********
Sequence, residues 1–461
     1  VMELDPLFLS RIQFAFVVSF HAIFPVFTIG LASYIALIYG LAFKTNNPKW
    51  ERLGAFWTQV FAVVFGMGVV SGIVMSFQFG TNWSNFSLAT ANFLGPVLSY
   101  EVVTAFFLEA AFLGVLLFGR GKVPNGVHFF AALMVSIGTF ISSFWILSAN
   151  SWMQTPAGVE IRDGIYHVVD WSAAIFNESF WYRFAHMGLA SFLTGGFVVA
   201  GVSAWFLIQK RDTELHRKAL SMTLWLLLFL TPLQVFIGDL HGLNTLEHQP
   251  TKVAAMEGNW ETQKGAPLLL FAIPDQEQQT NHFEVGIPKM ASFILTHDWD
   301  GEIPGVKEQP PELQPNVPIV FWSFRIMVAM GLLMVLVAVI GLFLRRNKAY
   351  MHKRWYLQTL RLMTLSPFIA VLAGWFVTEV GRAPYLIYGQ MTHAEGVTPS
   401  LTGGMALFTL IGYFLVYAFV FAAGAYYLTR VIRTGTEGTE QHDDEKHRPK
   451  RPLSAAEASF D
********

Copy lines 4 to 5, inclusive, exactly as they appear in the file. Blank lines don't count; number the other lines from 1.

   101  EVVTAFFLEA AFLGVLLFGR GKVPNGVHFF AALMVSIGTF ISSFWILSAN
   151  SWMQTPAGVE IRDGIYHVVD WSAAIFNESF WYRFAHMGLA SFLTGGFVVA